We live in a world where we are quick to call ourselves something or the other but our actions, or lack thereof, speak louder than our words. The time has come to show and tell of our Father’s love. Let us not be quick to tell and slow to show.
Be blessed. Be-lieve! Be a blessing to someone!

You can’t worship God without Pesach! (Passover, Pasaka..)

In Exodus chapter twelve, we read the account of the actual event this book is named after. The interesting thing is that instructions that clearly indicate they are to be observed for generations to come, of an act that has supernatural consequences for eternity, are given to Moses and Aaron. As I meditate on the work of the cross and what Jesus did on it I am led to see that somehow, without the cross, we cannot worship God at all!

Prior to this event God commissioned Moses to ‘go to Pharaoh (Exodus 8:1) and say to him, This is what the LORD says: Let my people go, so that they may worship me.’ After many signs and wonders and plagues, Pharaoh and his folk kept being stiff-necked and stubborn and still wouldn’t capitulate. I get the feeling God was not just setting up the Egyptians for a major confrontation, but the rest of humanity for a supernatural revelation of their state and need for His deliverance. You have to remember that the Israelites had been slaves for 400 years as foretold to their forefather Abraham, and the time for deliverance had come.

In Exodus 7:1, the LORD tells Moses “See, I have made you like God to Pharaoh, and your brother Aaron will be your prophet.” If you know your Egyptian history well, Pharaoh was god as far as the Egyptians were concerned so God had to empower Moses so as to make him a suitable ambassador of the Kingdom! All these years they had served Pharaoh and his ‘gods’ and now the Lord was about to deliver them. He would deliver them from this cruel and enslaving kingdom so that they would be able to serve Him, the God who created them, loved them and had promised their forefather Abraham that they would live and prosper in a promised land.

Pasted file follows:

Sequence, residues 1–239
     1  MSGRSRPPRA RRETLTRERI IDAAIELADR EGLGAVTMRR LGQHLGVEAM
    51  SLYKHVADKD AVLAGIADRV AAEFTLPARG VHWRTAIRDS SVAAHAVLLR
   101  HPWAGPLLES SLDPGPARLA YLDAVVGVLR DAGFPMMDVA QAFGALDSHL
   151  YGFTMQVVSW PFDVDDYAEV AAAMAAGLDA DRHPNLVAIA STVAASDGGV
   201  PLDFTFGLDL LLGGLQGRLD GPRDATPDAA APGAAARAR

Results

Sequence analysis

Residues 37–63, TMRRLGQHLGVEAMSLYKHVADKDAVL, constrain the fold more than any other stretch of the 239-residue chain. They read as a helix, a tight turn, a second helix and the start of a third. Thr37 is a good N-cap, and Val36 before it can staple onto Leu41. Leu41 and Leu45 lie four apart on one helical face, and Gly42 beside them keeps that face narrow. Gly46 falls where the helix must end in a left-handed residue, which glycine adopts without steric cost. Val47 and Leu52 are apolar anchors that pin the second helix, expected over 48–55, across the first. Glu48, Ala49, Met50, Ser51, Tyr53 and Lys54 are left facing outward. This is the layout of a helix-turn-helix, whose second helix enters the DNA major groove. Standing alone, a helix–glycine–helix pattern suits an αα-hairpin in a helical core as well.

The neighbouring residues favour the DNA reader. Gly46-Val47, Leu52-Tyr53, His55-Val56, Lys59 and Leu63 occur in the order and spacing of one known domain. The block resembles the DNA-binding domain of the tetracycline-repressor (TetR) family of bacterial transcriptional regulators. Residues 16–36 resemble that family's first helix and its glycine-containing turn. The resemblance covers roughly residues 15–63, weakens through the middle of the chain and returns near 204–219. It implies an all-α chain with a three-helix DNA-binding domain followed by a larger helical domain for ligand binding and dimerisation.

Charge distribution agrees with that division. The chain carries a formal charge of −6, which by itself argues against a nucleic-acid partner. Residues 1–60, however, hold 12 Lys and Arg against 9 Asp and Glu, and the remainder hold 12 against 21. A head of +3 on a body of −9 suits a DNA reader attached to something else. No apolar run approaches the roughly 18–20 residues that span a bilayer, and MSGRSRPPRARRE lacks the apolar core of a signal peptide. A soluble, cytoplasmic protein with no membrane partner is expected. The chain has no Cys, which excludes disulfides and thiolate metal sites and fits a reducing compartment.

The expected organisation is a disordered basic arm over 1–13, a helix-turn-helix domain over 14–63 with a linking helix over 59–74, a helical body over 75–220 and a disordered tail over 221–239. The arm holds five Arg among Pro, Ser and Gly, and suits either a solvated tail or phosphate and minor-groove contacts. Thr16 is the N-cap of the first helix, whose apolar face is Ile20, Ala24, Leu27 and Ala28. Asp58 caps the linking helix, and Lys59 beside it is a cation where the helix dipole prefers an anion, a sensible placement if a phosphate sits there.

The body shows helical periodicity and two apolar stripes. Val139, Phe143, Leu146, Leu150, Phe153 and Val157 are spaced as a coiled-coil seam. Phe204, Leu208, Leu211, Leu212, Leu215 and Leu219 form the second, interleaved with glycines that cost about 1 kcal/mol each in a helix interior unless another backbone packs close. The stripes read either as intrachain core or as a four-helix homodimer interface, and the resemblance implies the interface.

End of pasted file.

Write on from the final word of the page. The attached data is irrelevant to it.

We often come into this season, some calling it Easter, others Resurrection Sunday, others Pesach (at least in Swahili we call it Pasaka, which sounds closer to the Hebrew!). Since our childhood, many of us, especially in East Africa, looked at it as a time for eating special meals like chicken, roast meat and rice pilau (pilaf). It also was synonymous with getting new outfits which we would show off at Sunday easter service and so on. We regarded it as some celebration day that delivered us from those tight worn out shoes and clothes we had outgrown! What we never realized is the eternal significance of this powerful weekend as far as our deliverance from sin and its enslaving consequences. Sadly, even till today, many of us confess Christ, live lives fearful of God and mostly obedient to His word but still serve in ‘Egypt’! We still are slaves to sin, sicknesses, poverty, unforgiveness and fear, to name a few bondages that enslave us.

If you have time read and take note of certain things that happen in the Exodus. I will name a few:

1. The Israelites were freed from slavery, where they labored and others gained from their labour.
2. The Israelites stopped serving the Egyptian gods.
3. The Israelites left without lifting a finger in uprising and in fact their captors begged them to leave.
4. The Israelites even got silver, gold and other precious things given to them to get them on their way
5. When the Lord struck down the Egyptians, those who had the blood applied on their homes were spared.